Communicating the culture through Korean food between authenticity and adaptation

Paper to be presented at the Association for Education in Journalism and Mass Communication Annual Conference, Aug. 6-9, 2020. *This paper won the third-place top student paper award, Minorities and Communication Division, AEJMC

Abstract: This study explores how Korean restaurants in the States promote their businesses by using the Circuit of Culture as a theoretical framework. Five elements in the Circuit, representation, production, consumption, identity, and regulation, provided a contextual understanding of how Korean food is communicated at a local level. In-depth interviews with 10 small business Korean restaurant owners in the U.S., the study highlighted the discrepancy in perception, knowledge and access to resources in promoting their businesses.

Solyee Kim 

Related Research

“I probably just skipped over it:” Using eye tracking to examine political Facebook advertising effectiveness –and avoidance

Abstract: Social media political advertising has, in recent years, been the target of a lot of interest and scrutiny from the public, scholars, and even the social media platforms themselves. While there is still some debate as to the overall effectiveness of social media political advertising there is compelling evidence to show that a number […]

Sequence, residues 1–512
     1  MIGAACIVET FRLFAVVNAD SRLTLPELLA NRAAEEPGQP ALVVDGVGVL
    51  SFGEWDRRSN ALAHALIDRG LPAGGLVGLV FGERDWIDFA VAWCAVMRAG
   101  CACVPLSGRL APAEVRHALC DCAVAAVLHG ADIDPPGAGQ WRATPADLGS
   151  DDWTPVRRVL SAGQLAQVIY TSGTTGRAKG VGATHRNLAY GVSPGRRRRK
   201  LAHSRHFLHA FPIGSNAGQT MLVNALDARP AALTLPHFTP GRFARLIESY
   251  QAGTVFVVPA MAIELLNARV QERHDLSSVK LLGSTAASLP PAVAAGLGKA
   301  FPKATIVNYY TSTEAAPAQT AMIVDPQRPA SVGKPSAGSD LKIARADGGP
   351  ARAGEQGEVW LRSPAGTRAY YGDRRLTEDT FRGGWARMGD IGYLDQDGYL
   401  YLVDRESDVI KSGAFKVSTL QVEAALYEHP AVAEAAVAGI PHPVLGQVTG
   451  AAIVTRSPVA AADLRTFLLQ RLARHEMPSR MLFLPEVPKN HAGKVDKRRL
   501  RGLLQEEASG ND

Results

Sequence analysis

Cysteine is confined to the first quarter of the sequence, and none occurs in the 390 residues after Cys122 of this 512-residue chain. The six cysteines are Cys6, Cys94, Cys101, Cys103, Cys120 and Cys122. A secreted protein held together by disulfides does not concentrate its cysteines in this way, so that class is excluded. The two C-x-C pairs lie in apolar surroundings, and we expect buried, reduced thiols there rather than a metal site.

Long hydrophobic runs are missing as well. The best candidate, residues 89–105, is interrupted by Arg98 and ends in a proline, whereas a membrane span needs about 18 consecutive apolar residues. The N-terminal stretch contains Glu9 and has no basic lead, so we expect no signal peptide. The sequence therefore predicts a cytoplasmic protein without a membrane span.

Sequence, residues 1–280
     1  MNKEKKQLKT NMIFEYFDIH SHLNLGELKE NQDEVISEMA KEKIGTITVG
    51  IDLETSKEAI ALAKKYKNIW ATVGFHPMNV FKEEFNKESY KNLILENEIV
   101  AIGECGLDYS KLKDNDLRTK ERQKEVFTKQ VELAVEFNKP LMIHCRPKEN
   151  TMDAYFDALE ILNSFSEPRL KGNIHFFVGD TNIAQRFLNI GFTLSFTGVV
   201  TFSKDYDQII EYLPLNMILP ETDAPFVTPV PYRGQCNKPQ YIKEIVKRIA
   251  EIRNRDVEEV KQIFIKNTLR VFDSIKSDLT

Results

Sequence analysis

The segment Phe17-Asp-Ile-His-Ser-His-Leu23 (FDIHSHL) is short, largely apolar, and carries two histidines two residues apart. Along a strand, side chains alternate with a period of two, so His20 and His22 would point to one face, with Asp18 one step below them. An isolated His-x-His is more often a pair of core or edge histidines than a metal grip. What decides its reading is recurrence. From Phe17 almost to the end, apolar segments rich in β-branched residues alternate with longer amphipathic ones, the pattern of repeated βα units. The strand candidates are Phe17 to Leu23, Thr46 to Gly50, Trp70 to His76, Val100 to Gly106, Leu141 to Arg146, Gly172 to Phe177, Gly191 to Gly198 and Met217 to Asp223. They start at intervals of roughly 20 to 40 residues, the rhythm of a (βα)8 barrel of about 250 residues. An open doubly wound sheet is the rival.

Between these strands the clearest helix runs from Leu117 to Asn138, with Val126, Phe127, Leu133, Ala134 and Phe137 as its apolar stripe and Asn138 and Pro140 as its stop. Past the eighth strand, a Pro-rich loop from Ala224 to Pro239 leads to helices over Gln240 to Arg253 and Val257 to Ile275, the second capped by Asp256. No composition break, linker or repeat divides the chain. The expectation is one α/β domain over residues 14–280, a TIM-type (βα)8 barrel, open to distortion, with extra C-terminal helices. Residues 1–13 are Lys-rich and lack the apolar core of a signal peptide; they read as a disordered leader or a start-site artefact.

Bartosz WojdynskiMatthew Binford
read more
How multitasking during video content decreases ad effectiveness: The roles of task relevance, video involvement, and visual attention

Abstract: In a 3 (secondary task: none, related, unrelated) x 2 (ad-video congruence: high/low) between-subjects eye-tracking experiment, participants (N = 151) watched a 9-minute video documentary segment containing one mid-roll video ad while their visual attention to the screen was recorded. Participants in two-thirds of the conditions also read two online articles on a mobile […]

Bartosz WojdynskiShuoya SunMatthew Binford
read more